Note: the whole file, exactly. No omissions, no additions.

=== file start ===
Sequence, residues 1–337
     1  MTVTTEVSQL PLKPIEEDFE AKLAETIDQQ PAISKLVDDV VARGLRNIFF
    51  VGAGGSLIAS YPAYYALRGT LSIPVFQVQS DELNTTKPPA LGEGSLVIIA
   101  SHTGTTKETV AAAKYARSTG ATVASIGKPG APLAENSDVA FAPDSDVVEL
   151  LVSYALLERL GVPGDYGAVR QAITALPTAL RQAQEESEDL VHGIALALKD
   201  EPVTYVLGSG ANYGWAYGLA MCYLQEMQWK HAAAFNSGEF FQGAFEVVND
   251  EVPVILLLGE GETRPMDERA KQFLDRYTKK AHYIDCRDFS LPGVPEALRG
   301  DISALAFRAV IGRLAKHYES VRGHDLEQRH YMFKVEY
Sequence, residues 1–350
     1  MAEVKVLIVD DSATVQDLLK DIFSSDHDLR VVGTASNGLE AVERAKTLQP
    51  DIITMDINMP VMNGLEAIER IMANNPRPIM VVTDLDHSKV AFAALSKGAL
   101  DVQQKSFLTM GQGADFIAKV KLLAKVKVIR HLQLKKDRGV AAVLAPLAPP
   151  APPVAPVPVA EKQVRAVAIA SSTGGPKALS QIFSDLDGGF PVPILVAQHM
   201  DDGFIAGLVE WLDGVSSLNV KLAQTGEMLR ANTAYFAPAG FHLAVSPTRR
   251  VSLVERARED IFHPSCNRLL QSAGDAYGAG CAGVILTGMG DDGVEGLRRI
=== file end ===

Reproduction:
Sequence, residues 1–337
     1  MTVTTEVSQL PLKPIEEDFE AKLAETIDQQ PAISKLVDDV VARGLRNIFF
    51  VGAGGSLIAS YPAYYALRGT LSIPVFQVQS DELNTTKPPA LGEGSLVIIA
   101  SHTGTTKETV AAAKYARSTG ATVASIGKPG APLAENSDVA FAPDSDVVEL
   151  LVSYALLERL GVPGDYGAVR QAITALPTAL RQAQEESEDL VHGIALALKD
   201  EPVTYVLGSG ANYGWAYGLA MCYLQEMQWK HAAAFNSGEF FQGAFEVVND
   251  EVPVILLLGE GETRPMDERA KQFLDRYTKK AHYIDCRDFS LPGVPEALRG
   301  DISALAFRAV IGRLAKHYES VRGHDLEQRH YMFKVEY
Sequence, residues 1–350
     1  MAEVKVLIVD DSATVQDLLK DIFSSDHDLR VVGTASNGLE AVERAKTLQP
    51  DIITMDINMP VMNGLEAIER IMANNPRPIM VVTDLDHSKV AFAALSKGAL
   101  DVQQKSFLTM GQGADFIAKV KLLAKVKVIR HLQLKKDRGV AAVLAPLAPP
   151  APPVAPVPVA EKQVRAVAIA SSTGGPKALS QIFSDLDGGF PVPILVAQHM
   201  DDGFIAGLVE WLDGVSSLNV KLAQTGEMLR ANTAYFAPAG FHLAVSPTRR
   251  VSLVERARED IFHPSCNRLL QSAGDAYGAG CAGVILTGMG DDGVEGLRRI